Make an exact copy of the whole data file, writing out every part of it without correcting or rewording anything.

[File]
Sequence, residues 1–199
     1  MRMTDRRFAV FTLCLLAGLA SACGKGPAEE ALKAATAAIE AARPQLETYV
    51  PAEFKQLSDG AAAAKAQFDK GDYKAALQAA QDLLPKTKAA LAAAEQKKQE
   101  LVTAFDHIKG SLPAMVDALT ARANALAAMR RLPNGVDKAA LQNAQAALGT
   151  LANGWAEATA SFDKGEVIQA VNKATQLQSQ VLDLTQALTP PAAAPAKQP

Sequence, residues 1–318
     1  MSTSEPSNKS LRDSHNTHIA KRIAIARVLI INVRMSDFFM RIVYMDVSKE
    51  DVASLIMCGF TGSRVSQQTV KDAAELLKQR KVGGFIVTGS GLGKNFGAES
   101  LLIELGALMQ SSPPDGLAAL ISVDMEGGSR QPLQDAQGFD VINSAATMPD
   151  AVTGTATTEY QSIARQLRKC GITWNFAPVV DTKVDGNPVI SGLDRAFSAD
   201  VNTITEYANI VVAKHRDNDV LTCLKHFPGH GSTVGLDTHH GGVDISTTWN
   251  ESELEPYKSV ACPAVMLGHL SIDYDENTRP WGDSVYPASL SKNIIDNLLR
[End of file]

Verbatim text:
Sequence, residues 1–199
     1  MRMTDRRFAV FTLCLLAGLA SACGKGPAEE ALKAATAAIE AARPQLETYV
    51  PAEFKQLSDG AAAAKAQFDK GDYKAALQAA QDLLPKTKAA LAAAEQKKQE
   101  LVTAFDHIKG SLPAMVDALT ARANALAAMR RLPNGVDKAA LQNAQAALGT
   151  LANGWAEATA SFDKGEVIQA VNKATQLQSQ VLDLTQALTP PAAAPAKQP

Sequence, residues 1–318
     1  MSTSEPSNKS LRDSHNTHIA KRIAIARVLI INVRMSDFFM RIVYMDVSKE
    51  DVASLIMCGF TGSRVSQQTV KDAAELLKQR KVGGFIVTGS GLGKNFGAES
   101  LLIELGALMQ SSPPDGLAAL ISVDMEGGSR QPLQDAQGFD VINSAATMPD
   151  AVTGTATTEY QSIARQLRKC GITWNFAPVV DTKVDGNPVI SGLDRAFSAD
   201  VNTITEYANI VVAKHRDNDV LTCLKHFPGH GSTVGLDTHH GGVDISTTWN
   251  ESELEPYKSV ACPAVMLGHL SIDYDENTRP WGDSVYPASL SKNIIDNLLR